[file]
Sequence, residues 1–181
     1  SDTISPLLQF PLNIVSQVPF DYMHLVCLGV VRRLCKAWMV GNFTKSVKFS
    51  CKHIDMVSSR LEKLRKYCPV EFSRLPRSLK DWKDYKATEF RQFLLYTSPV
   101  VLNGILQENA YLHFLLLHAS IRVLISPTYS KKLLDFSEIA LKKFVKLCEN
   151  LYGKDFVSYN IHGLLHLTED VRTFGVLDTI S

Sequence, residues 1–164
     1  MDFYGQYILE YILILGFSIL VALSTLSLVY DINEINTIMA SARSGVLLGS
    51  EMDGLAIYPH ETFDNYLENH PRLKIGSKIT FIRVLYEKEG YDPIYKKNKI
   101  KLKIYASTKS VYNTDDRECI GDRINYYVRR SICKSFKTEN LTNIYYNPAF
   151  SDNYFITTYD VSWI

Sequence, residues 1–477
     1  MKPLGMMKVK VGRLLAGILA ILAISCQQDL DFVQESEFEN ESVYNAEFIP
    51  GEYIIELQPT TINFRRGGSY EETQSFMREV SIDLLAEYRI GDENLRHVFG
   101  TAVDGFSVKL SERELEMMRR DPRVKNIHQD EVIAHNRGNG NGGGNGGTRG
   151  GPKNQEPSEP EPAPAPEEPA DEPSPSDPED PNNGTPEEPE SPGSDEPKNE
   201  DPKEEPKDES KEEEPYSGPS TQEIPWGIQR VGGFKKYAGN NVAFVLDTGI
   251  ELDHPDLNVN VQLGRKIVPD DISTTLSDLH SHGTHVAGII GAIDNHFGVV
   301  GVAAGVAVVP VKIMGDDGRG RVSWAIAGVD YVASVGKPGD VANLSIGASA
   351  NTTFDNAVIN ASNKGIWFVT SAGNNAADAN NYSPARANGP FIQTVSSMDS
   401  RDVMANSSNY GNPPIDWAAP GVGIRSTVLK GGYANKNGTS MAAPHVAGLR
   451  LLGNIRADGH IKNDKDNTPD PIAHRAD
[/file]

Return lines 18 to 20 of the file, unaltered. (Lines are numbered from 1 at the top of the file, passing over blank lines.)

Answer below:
   301  GVAAGVAVVP VKIMGDDGRG RVSWAIAGVD YVASVGKPGD VANLSIGASA
   351  NTTFDNAVIN ASNKGIWFVT SAGNNAADAN NYSPARANGP FIQTVSSMDS
   401  RDVMANSSNY GNPPIDWAAP GVGIRSTVLK GGYANKNGTS MAAPHVAGLR